Roger Fitzhardinge

Roger Berkeley Fitzhardinge (23 March 1879 – 9 January 1965) was an Australian rower. He was a dual Australian champion who stroked an Australian crew which won the Grand Challenge Cup at the Henley Royal Regatta in 1912 and the Australian men's eight at the 1912 Summer Olympics.[1]

Roger Fitzhardinge
Fitzhardinge training.jpg
Personal information
NationalityAustralian
Born(1879-03-23)23 March 1879
Balmain, New South Wales, Australia
Died9 January 1965(1965-01-09) (aged 85)
Bowral, Australia
Sport
SportRowing
ClubSydney Rowing Club
Achievements and titles
National finalsInterstate M8+ 1903,04,08,11
Fitzhardinge (seated 2nd from left) with the 1912 Aust Olympic VIII, incl reserves & selectors

Club and state rowingEdit

Fitzhardinge competed for the Sydney Rowing Club and later served a term as the club's vice-president.[2]

He was selected to stroke New South Wales eights which contested the Australian interstate men's eight events at the Interstate Regattas in 1903,[3] 1904, 1908 and 1911.[4] Those New South Wales crews with Fitzhardinge at stroke were victorious in 1908[5] and 1911. For the three years from 1909 to 1911 he was the selector of the New South Wales men's eight.[2]

In 1913 and 1923 he was New South Wales state selector.[2] In 1932 he was an Assistant coach of the St Joseph's College Hunters Hill first VIII in their victory in that year's GPS Head of the River.[6]

International representative rowingEdit

An Australian eight was selected in 1912 to compete at the Henley Royal Regatta and the Stockholm Olympics.[7] It was a co-operative venture between the NSW and the Victorian Rowing Associations, there being no Australian governing body at the time. Much of the funding for the trip came from the Victorian Rowing Association and the families of the two Victorian crew members Simon Fraser and Harry Ross-Soden.[8]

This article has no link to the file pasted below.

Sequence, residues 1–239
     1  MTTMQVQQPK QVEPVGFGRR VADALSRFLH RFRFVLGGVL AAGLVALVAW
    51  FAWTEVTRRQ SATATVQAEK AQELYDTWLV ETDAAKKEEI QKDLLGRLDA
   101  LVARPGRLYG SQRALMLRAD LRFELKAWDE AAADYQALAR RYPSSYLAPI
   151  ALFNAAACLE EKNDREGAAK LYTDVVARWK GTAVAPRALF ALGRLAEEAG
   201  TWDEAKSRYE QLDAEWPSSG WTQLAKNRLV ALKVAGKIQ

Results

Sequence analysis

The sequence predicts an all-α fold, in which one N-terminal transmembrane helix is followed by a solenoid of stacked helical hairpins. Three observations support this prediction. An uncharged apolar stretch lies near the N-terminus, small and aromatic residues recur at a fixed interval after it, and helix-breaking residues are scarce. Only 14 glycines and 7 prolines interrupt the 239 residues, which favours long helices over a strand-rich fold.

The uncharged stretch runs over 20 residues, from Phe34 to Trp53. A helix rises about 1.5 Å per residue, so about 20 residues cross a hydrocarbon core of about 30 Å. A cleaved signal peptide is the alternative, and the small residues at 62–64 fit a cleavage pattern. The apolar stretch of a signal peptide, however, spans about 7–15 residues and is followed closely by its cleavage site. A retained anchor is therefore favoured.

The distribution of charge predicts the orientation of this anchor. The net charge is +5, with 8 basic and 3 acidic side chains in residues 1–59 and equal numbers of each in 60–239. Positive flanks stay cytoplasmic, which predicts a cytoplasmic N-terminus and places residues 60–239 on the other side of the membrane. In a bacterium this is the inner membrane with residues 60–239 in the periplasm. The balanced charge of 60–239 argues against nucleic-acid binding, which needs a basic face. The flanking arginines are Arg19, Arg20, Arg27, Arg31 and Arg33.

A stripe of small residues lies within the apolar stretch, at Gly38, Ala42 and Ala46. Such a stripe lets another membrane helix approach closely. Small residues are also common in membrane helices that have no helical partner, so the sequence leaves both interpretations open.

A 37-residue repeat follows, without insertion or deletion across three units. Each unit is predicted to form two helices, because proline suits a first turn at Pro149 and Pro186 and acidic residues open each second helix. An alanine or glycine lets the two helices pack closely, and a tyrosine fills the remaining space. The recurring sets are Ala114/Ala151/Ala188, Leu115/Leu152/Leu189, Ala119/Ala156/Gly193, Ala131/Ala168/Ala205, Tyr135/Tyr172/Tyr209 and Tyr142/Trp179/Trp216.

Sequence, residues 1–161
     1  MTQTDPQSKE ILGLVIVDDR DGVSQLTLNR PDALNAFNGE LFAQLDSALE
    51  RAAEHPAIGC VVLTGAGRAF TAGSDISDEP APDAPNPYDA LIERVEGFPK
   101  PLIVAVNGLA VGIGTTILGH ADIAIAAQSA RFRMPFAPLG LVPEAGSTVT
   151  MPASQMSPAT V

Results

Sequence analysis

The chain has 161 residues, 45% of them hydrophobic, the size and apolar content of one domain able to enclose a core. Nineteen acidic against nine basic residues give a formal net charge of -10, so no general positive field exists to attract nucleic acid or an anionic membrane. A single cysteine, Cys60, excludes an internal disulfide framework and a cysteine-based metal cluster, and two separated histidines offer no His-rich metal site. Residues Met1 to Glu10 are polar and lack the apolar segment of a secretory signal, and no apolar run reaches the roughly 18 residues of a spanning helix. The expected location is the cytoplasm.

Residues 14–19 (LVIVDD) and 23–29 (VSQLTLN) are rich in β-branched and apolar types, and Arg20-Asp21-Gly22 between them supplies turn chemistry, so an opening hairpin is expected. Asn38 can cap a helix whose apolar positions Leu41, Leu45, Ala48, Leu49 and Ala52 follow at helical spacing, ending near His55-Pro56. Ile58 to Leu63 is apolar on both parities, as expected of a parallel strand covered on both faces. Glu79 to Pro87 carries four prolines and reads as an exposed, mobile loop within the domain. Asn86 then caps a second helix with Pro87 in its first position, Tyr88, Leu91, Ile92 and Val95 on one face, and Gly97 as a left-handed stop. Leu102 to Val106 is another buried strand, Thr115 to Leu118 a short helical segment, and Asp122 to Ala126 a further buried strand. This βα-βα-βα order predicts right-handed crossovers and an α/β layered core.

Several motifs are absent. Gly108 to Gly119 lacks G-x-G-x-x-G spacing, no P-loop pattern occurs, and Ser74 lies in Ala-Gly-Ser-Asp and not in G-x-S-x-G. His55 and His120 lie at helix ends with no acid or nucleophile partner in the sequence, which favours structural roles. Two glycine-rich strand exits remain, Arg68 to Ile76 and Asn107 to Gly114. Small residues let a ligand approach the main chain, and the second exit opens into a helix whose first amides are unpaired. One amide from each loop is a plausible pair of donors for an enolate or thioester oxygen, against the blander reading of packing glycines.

The Australian eight needed to nominate at Henley as a club entrant and raced as the Sydney Rowing Club from which five of the crew and coxswain were drawn. Fraser, Ross-Soden and the Leichhardt man Henry Hauenstein joined the Sydney Club to legitimise the entry. Fitzhardinge was the stroke at Henley when the eight progressed through their match races and beat the Leander Club in the final to take the 1912 Grand Challenge Cup.[9] Onto Sweden for the 1912 Summer Olympics and with Keith Heritage changed out for the UK resident Australian Hugh Ward, Fitzhardinge again stroked the Australian eight. They beat a Swedish crew in the first round[10] then in the quarter-final they were knocked-out by same Leander eight they'd triumphed over at Henley.[11]

ReferencesEdit

  1. ^ "Roger Fitzhardinge". Olympics at Sports-Reference.com. Archived from the original on 18 April 2020. Retrieved 20 January 2018.
  2. ^ a b c Fitzhardinge Profile at Austn Rowing History
  3. ^ 1903 Interstate Regatta
  4. ^ 1911 Interstate Regatta
  5. ^ 1908 Interstate Regatta
  6. ^ St Joseph's College Magazine 1932
  7. ^ "Roger Fitzhardinge". Olympedia. Retrieved 29 May 2021.
  8. ^ 1912 Olympics at Guerin-Foster
  9. ^ "1912 Stockholm Olympics". rowinghistory-aus.info. Retrieved 20 January 2018.
  10. ^ "Rowing at the 1912 Stockholm Summer Games: Men's Coxed Eights Round One". Olympics at Sports-Reference.com. Archived from the original on 17 April 2020. Retrieved 14 January 2018.
  11. ^ "Rowing at the 1912 Stockholm Summer Games: Men's Coxed Eights Quarter-Finals". Olympics at Sports-Reference.com. Archived from the original on 17 April 2020. Retrieved 14 January 2018.